RSA released its second-quarter 2018 fraud report on Aug. 14, finding that once again phishing attacks are the primary attack vector for fraud.
The 15-page report covers the period from April 1 to June 30 and is based on data collected by the RSA Fraud and Risk Intelligence team. Among the top trends identified in the report is that phishing accounted for 41 percent of all fraud attacks seen by RSA in the second quarter.
Also of note in the report is the finding that 28 percent of fraud in the second quarter was attributed to some form of mobile application. During the quarter, RSA also detected 9,185 rogue apps.
RSA defines rogue apps in a number of ways, including fake and lookalike applications that aim to deceive users by thinking they are associated with or built by a legitimate, trusted brand.
RSA noted that the rogue applications are similar in nature to phishing emails, but rather than tricking the user into believing an email is from a trusted source, the rogue apps trick users into trusting that a given app is genuine. Rogue banking apps are also a challenge according to RSA, as are apps that are used to divert two-factor authentication codes via SMS.
Rogue mobile apps aren't the only mobile fraud risks either. According to RSA, 71 percent of total fraud transactions in the second quarter of 2018 came from mobile browsers and mobile applications. Mobile transactions overall are growing, with RSA reporting that mobile browsers and applications accounted for 56 percent of legitimate transactions in the second quarter. From a geographic perspective, RSA found that the United States was the top hosting country for phishing threats that lead to fraud. On the receiving end, Canada was the top target, followed by the U.S.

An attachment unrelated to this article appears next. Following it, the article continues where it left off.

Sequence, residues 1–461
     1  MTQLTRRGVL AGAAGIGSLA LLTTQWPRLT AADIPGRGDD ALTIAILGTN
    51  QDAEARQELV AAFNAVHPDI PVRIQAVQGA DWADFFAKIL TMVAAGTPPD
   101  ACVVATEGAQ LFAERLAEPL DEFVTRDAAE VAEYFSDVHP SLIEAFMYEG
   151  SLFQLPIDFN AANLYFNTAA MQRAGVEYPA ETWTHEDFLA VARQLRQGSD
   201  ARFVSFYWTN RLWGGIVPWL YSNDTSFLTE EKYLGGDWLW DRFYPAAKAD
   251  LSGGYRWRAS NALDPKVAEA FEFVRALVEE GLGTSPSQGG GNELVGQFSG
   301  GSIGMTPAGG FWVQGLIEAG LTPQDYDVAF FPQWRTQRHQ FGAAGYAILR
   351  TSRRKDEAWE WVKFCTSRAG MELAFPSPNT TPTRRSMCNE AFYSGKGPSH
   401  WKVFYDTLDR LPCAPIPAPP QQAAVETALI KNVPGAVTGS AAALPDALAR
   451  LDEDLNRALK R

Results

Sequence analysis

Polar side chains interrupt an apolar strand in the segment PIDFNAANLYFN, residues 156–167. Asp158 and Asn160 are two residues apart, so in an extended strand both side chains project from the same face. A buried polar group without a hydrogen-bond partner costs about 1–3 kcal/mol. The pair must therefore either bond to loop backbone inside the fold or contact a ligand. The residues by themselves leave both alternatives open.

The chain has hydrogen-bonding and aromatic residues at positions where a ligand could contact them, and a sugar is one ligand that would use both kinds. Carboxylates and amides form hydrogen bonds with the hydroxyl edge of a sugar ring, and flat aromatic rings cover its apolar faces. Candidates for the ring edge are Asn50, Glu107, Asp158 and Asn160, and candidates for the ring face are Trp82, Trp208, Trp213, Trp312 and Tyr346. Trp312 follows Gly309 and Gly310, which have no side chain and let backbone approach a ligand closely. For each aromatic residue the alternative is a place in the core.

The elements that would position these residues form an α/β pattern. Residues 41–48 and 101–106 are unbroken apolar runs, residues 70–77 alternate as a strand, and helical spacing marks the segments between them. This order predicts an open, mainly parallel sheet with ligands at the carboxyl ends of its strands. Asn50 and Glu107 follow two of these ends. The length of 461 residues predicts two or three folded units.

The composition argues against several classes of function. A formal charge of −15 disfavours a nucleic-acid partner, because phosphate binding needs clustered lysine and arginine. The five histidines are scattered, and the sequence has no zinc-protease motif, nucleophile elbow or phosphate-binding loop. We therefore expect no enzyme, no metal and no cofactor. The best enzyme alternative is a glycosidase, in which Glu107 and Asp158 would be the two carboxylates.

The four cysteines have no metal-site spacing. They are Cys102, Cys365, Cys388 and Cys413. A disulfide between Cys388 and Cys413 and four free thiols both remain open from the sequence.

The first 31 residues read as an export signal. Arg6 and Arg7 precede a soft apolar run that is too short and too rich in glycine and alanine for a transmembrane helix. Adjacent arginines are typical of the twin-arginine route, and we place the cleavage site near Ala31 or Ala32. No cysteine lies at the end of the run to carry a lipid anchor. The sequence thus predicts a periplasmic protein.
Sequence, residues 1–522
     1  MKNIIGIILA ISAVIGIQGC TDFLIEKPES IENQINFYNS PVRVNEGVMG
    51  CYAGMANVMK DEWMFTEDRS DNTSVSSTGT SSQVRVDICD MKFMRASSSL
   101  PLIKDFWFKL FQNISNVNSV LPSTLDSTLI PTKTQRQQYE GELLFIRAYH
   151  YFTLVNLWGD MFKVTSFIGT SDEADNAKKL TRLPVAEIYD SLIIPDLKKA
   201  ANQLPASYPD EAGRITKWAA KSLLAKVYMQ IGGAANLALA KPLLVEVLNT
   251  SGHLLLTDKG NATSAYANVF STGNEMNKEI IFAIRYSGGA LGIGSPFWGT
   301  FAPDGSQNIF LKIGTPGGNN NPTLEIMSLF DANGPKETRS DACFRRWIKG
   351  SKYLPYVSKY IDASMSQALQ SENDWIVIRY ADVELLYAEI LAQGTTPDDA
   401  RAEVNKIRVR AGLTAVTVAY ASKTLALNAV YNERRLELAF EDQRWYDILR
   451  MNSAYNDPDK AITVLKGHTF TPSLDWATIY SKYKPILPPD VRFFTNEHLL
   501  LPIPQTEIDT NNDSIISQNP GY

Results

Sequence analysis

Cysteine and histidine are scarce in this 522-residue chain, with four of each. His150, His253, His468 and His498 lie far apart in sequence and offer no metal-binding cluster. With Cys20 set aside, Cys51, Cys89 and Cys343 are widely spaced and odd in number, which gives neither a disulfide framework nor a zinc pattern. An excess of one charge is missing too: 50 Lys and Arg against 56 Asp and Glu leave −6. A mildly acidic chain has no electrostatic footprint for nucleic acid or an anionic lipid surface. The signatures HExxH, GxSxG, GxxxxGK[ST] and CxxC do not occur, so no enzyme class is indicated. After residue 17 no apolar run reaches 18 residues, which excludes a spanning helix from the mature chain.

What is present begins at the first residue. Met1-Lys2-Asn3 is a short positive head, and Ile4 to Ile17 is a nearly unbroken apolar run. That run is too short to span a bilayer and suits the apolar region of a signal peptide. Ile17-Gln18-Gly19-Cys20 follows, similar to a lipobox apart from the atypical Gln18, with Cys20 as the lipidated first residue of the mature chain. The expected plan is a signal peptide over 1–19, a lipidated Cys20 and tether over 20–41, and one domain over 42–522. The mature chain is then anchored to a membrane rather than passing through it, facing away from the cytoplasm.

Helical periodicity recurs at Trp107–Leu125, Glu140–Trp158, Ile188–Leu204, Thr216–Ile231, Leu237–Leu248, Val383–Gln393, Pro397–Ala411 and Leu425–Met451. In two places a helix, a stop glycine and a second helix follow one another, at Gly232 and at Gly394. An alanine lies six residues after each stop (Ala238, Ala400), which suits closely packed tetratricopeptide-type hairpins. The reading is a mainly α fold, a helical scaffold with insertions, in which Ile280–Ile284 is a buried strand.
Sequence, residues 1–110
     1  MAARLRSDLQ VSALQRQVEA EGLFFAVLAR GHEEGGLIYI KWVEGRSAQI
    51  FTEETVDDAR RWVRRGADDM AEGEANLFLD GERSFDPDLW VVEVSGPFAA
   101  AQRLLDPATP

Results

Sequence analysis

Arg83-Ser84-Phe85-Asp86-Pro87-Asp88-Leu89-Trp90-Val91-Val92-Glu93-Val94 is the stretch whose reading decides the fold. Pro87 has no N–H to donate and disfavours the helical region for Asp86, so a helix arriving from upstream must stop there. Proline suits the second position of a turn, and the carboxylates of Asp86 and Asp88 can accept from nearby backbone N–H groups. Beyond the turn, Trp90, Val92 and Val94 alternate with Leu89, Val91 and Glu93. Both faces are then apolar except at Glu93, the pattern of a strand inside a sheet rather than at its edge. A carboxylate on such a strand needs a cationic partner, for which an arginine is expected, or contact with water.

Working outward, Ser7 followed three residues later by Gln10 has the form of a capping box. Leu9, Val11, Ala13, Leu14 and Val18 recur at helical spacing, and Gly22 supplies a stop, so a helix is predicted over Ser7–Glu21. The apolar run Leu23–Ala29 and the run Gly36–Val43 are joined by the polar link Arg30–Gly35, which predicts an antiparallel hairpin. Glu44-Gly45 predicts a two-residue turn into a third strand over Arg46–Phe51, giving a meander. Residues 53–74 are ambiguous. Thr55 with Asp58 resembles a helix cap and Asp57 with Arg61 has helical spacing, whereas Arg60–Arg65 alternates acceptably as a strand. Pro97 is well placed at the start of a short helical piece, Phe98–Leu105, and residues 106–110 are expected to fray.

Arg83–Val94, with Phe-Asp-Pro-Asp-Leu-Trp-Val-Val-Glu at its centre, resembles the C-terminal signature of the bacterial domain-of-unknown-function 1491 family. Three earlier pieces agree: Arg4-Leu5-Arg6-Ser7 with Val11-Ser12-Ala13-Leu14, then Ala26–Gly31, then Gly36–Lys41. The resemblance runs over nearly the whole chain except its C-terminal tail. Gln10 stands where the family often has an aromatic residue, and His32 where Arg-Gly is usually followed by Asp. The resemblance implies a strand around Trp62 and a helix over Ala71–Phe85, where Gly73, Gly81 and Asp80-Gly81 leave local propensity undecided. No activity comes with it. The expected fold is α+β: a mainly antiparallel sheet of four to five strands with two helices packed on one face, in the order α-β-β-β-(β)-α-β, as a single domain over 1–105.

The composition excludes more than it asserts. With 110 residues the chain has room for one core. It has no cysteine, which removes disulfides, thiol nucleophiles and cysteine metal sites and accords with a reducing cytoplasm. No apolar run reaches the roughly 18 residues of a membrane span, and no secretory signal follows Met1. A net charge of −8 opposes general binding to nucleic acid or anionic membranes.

There is also a correlation between the age of a device and the chances of fraud. RSA defines device age as how long the RSA Fraud platform has been aware of a given device. Eighty percent of fraud in e-commerce transactions in the second quarter came from a new device.
Fraud is often attempted with stolen or compromised credit cards, which is a growing problem. RSA found 5.1 million unique compromised cards in the second quarter, which is a 60 percent increase from the first quarter. The average legitimate transaction value for e-commerce across the Americas was $231 during the second quarter. In contrast, the average fraudulent transaction value was 63 percent higher, at $442.
"The average value of a fraudulent transaction will likely always be higher than that of a genuine transaction, since fraudsters regularly use stolen credit cards to make quick, high-value purchases because these goods are easy to resell for a profit," the report stated.
Sean Michael Kerner is a senior editor at eWEEK and InternetNews.com. Follow him on Twitter @TechJournalist.